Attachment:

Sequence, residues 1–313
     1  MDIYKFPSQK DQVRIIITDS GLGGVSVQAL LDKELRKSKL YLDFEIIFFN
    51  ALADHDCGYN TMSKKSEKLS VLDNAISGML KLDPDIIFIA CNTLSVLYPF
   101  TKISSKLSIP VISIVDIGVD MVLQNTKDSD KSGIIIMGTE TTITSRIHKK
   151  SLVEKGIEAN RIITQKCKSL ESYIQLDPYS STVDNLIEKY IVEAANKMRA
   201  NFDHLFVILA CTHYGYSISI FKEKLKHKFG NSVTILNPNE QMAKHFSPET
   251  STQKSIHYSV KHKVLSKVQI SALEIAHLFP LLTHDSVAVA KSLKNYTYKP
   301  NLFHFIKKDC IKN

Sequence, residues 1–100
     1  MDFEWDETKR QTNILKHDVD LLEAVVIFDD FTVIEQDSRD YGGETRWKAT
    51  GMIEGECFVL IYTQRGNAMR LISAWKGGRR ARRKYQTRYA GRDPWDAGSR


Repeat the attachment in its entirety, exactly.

Sequence, residues 1–313
     1  MDIYKFPSQK DQVRIIITDS GLGGVSVQAL LDKELRKSKL YLDFEIIFFN
    51  ALADHDCGYN TMSKKSEKLS VLDNAISGML KLDPDIIFIA CNTLSVLYPF
   101  TKISSKLSIP VISIVDIGVD MVLQNTKDSD KSGIIIMGTE TTITSRIHKK
   151  SLVEKGIEAN RIITQKCKSL ESYIQLDPYS STVDNLIEKY IVEAANKMRA
   201  NFDHLFVILA CTHYGYSISI FKEKLKHKFG NSVTILNPNE QMAKHFSPET
   251  STQKSIHYSV KHKVLSKVQI SALEIAHLFP LLTHDSVAVA KSLKNYTYKP
   301  NLFHFIKKDC IKN

Sequence, residues 1–100
     1  MDFEWDETKR QTNILKHDVD LLEAVVIFDD FTVIEQDSRD YGGETRWKAT
    51  GMIEGECFVL IYTQRGNAMR LISAWKGGRR ARRKYQTRYA GRDPWDAGSR